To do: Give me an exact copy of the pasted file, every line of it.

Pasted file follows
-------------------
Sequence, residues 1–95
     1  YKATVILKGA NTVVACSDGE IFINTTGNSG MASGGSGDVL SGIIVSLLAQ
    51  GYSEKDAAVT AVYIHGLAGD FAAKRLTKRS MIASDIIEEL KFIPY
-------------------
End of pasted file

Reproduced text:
Sequence, residues 1–95
     1  YKATVILKGA NTVVACSDGE IFINTTGNSG MASGGSGDVL SGIIVSLLAQ
    51  GYSEKDAAVT AVYIHGLAGD FAAKRLTKRS MIASDIIEEL KFIPY